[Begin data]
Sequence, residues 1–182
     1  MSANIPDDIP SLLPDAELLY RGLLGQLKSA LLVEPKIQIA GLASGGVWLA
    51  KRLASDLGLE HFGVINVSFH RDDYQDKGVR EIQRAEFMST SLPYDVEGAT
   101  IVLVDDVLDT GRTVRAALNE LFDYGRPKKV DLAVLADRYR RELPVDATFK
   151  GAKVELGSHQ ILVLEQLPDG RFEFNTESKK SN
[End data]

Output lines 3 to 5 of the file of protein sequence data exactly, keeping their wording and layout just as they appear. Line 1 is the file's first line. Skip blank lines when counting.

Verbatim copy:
    51  KRLASDLGLE HFGVINVSFH RDDYQDKGVR EIQRAEFMST SLPYDVEGAT
   101  IVLVDDVLDT GRTVRAALNE LFDYGRPKKV DLAVLADRYR RELPVDATFK
   151  GAKVELGSHQ ILVLEQLPDG RFEFNTESKK SN